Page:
Henne Kirkeby Kro. Photo: Anders Scønnemann

Gastromé, Aarhus
Found on an old cobblestone street in Aarhus' Latin Quarter, Gastromé has boasted a Michelin star since 2015. Ingredients for their seasonal menus are sourced from the sea, the forest and their own garden, which is found around eight kilometres away. Søren Jakobsen and William Jørgensen lead a team blending traditional Nordic cooking with refined modern techniques.

Fredrikshøj, Aarhus
‘We believe that care, excitement, and dedication can be felt and tasted,’ declares the team at Fredrikshøj, a restaurant that promises ‘a complete immersion in sounds, colors, feelings, smells, and taste’ on the edges of the Marselisborg Memorial Park, close to the royal palace of the same name. So, what does that translate to exactly when it comes to your plate? Well, playful spins on new Nordic cuisine mostly, and local ingredients at its heart to boot.

Henne Kirkeby Kro. Photo: Anders Schønnemann

Frederiksminde, Praestø
Pie with bleak roe, sheep’s milk cream and hazelnut oil, Danish squid with sauerkraut, sesame, chicken bouillon and katsuobushi, and brill with lovage ‘chimichurri’, lettuce, sorrel and smoked butter sauce. These are just some of the dishes you can expect to find on the diverse menu at Frederiksminde, a historic hotel situated in the former convent garden of a 1470 monastery. The beachside restaurant sits right on the edges of the Præstø Fjord and offers a number of accommodation options should you wish to extend your visit.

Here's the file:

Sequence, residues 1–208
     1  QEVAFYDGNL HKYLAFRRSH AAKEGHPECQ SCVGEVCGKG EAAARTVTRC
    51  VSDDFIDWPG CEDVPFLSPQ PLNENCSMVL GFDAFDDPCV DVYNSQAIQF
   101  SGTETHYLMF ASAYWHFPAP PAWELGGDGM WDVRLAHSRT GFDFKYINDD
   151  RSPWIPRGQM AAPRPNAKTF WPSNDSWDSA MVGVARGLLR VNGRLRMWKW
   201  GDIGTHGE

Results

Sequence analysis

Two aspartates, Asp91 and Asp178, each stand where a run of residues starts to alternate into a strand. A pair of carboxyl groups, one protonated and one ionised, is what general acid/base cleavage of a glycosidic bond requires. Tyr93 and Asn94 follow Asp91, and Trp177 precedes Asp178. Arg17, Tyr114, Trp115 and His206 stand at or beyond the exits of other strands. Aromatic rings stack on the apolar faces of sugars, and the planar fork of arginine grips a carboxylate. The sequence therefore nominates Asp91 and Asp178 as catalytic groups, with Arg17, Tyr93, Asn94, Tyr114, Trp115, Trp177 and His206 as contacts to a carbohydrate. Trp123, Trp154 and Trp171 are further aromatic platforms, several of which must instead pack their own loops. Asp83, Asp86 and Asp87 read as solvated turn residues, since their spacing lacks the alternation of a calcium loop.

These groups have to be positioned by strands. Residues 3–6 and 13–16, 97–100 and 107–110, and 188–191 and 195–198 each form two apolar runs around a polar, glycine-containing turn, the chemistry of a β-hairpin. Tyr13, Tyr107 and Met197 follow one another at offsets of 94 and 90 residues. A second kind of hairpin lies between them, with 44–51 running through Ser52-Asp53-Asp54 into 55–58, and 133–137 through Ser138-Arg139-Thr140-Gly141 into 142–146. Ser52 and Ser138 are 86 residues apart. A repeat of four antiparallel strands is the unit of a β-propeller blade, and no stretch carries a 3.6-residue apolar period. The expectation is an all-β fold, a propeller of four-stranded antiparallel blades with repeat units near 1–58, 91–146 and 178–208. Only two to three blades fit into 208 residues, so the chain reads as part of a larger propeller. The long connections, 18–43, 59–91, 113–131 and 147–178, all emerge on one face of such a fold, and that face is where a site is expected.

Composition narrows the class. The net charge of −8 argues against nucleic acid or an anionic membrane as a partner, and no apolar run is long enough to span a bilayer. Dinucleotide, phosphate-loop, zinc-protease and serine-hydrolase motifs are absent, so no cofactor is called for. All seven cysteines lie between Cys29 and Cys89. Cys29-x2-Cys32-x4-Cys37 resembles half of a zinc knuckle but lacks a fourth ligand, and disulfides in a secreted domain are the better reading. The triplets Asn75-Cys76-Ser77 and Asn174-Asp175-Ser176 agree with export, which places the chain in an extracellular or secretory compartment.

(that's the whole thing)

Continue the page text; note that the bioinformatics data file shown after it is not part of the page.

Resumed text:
LYST, Vejle
Lots of restaurants in Denmark change their menus depending on the season. LYST updates theirs based on the weather and the time when you dine. Hosted in the spectacular Fjordenhus, on the Jutland Peninsula, the restaurant works with Studio Other Spaces, Olafur Eliasson and Sebastian Behmann to create an experience that is as artistic as it is culinary. Visits consist of 20 servings based on the four elements (air, fire, water, earth) paired with wines from their below sea level cellar.

Michelin star restaurant

Substans . Photo: Nina Malling

Me|Mu, Vejle
Helmed by Mette and Michael Munk, Me|Mu is a serene spot with just 12 tables, located in the heart of Vejle. Their set menus tell stories using local ingredients and come in three sizes: fable, saga, and myth. Servings are modest in order to allow diners to sample a range of different dishes, all of which come with carefully considered wine pairings.

Ti Trin Ned, Fredericia
Situated right on the coast, Ti Trin Ned offers calming views across the sea and a seasonally changing menu that emphasises simplicity. Founders Mette and Rainer Gassner spend as much time in the kitchen as they do on their farm and many of the ingredients that make up the Nordic and French-inspired molecular dishes have been grown by the team themselves.

Syttende, Sønderborg
Syttende's inspirations are diverse and international, claiming to incorporate 'superb ingredients, tastes and traditions from all over the world', but they also spotlight local produce, as well and insist that they are 'firmly rooted in the South Jutland soil.' While their menu may be grounded, the restaurant itself sits on the 17th floor of the sleek Alsik Hotel, affording views across the surrounding town and the nearby Flensburg Fjord.

Dragsholm Slot Michelin star restaurant

Dragsholm Slot. Photo: Flemming Gernyx